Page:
Computer block by high ram usage (SWAP saturated)

I'm starting to get really tired of the problems with the high RAM usage, which blocks entirely my computers when it happens and so this is very dangerous for the data integrity

I would like to know how many of you suffer these issues?

In short, basically the 95% of the cause of this problem is by the damn-bloated browsers, they have even memory leaks with some websites until you restart them

Personally, I have 8 GB of ram in my computers, it should suffice for anything (except for browsers), but the thing is, how many people has at least 8 GB ? my computer's mom has only 1 GB, she can only open 1 web page at time, if she opens 2, computer's blocked

So I'm writing now a tool for now for my personal use, which will detect high ram usage and will also kill the browsers if reach 90%, that's much safer than lose the entire computer control and force a reboot (specially with those unreliable filesystems), maybe if this tool becomes good I could implement it by default in Elive :thinking: (inside an elive daemon which takes care about the processes health)

The funny thing is that it looks like that in windows (10), there's no issues with browsers :thinking:, anybody with more experience (usage) in that inoperating system can do a comparison comment?

My personal thinking about all that issue is that linux manages extremely bad the SWAP concept, it never worked as a reliable or useful thing for me, in short:

  • if you enable it, you feel your desktop lagged (at least in e16), because data needes to be re-fetch everytime from disk instead of ram (wrong place location of important data like a desktop-app?)
  • if you enable it, it won't save you from a block, in fact the kernel should kill the huge-consuming processes when it blocks the ram full (it was not the case recently), instead, swap will block your computer by saturation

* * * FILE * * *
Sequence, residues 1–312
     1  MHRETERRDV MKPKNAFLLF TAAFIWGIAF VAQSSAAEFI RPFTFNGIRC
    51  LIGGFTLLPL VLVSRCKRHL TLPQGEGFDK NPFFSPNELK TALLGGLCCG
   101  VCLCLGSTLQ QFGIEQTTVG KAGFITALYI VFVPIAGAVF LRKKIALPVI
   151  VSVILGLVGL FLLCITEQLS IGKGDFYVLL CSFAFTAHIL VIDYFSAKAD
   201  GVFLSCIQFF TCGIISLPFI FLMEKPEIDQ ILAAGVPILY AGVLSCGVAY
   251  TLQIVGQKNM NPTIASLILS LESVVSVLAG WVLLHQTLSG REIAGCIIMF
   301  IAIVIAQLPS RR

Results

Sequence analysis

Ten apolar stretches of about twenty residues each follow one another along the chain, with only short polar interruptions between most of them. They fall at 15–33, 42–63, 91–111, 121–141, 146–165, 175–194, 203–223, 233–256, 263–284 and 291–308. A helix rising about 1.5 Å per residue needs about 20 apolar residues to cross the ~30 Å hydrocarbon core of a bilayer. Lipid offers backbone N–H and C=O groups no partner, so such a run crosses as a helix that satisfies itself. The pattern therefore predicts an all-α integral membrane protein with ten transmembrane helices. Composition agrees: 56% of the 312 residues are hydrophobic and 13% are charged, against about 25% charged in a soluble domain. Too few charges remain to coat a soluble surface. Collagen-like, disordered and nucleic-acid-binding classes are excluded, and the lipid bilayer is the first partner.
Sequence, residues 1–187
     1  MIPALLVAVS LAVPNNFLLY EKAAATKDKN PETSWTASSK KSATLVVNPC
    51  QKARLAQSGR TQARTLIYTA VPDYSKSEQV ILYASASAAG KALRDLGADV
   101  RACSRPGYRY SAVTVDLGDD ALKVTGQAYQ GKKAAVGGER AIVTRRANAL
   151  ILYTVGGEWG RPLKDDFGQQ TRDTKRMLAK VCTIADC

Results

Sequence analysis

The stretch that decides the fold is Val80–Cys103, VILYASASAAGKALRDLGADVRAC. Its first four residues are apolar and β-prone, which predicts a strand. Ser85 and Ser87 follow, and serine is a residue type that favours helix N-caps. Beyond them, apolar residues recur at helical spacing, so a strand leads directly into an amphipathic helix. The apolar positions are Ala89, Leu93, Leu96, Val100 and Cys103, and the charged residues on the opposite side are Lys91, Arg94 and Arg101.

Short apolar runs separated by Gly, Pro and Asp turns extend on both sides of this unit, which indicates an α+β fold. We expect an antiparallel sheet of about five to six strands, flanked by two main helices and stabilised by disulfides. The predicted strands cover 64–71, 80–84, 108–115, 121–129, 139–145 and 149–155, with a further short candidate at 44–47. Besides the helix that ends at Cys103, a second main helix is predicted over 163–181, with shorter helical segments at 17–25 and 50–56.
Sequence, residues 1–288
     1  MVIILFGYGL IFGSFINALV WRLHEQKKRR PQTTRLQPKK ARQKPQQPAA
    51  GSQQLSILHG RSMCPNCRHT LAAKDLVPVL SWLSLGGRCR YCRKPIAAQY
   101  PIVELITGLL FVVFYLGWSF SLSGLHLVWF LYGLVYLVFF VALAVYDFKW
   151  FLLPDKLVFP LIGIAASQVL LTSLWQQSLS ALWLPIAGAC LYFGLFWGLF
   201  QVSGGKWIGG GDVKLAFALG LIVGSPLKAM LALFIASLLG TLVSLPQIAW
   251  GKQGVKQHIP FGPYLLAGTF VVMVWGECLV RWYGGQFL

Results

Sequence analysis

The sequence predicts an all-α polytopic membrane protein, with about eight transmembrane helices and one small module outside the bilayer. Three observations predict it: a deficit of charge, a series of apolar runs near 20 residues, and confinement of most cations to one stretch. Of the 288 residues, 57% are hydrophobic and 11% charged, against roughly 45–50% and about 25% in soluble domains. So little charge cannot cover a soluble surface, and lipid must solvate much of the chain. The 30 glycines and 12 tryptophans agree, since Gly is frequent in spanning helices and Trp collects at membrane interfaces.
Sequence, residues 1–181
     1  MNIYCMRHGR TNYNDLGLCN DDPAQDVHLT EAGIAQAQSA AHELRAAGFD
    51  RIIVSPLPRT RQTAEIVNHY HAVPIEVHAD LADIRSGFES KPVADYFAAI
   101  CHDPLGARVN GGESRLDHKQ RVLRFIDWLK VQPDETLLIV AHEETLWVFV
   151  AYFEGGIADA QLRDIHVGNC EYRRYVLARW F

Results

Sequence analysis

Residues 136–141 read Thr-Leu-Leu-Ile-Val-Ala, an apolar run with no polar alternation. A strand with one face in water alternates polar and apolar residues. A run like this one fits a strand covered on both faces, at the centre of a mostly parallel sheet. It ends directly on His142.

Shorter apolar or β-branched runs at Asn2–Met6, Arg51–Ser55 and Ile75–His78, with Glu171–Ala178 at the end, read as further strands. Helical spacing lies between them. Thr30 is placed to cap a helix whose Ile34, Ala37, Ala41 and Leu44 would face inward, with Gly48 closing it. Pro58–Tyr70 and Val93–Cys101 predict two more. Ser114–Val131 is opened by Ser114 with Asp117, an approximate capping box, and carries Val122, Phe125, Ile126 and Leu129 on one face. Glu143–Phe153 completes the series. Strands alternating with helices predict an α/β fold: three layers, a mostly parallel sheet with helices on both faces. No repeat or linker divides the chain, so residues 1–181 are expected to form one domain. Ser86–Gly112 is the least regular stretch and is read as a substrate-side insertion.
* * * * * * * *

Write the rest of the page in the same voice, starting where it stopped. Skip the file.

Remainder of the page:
• it looks like the data is not even saved in a minimally-linear way, when an application needs to fetch the data from swap you can hear the strong fragmentation on disks, making the reading extremely slow and so your system saturated
  • it is not wise to know what memory should be "parked" and which one should be used, one thing is a loaded app in ram and another thing is a loaded secondary data

mentions: @triantares @Rebel450 @yoda @stoppy98

Generally speaking I have no real issues but then I too have 8gb ram. If I feel the machine is slowing down I open "top” and kill some buggers (usually browser).
i was surprised to see my daughter have Chromium open with at least 20 tabs with no problems on E16 on her 8g ram tablet. :thinking:


On the eeepc 1001px, with 2Gb ram, it's more the cpu going 100% that limit browsers (I use here mainly firefox & yandex) with 6-7 tabs for Firefox and 2-5 for Yandex (off course not that fast, but generally with no freeze...
For the eeepc 1015pn, same amount of memory but 2x more cpu + bit more MHz, it's quite comfortable...


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20 tabs can be possible if these tabs "doesn't consume much", but sometimes 10 can block the computer, I have also an extension so save memory by suspending unneeded tabs which works pretty well

@triantares its funny that you are "able" to kill buggers, normally for me, when I feel a lag is too later, the entire computer is so saturated that I cannot do anything at all (this happens with both a SWAP enabled from a mechanical disk and NO-SWAP mode)